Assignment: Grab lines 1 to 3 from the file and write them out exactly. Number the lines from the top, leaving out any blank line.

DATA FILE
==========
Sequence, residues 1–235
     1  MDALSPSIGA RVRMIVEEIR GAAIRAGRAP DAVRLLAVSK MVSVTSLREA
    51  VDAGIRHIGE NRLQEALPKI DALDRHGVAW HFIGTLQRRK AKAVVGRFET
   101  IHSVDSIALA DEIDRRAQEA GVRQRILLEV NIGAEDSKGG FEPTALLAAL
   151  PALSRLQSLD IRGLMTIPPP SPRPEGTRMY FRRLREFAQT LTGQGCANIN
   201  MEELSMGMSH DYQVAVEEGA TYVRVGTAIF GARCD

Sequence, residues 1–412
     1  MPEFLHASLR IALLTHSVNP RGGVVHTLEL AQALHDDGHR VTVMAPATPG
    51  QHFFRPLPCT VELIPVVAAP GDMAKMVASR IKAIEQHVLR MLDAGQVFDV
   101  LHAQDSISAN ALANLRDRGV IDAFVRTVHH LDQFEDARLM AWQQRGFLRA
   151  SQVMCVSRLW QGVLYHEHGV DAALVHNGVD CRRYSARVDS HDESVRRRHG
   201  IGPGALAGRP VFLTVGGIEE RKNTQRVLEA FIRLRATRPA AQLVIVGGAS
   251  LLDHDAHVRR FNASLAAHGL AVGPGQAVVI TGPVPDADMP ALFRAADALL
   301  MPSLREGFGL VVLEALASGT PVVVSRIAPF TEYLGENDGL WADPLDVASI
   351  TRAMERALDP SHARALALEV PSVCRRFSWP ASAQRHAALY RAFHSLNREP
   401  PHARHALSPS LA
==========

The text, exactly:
Sequence, residues 1–235
     1  MDALSPSIGA RVRMIVEEIR GAAIRAGRAP DAVRLLAVSK MVSVTSLREA
    51  VDAGIRHIGE NRLQEALPKI DALDRHGVAW HFIGTLQRRK AKAVVGRFET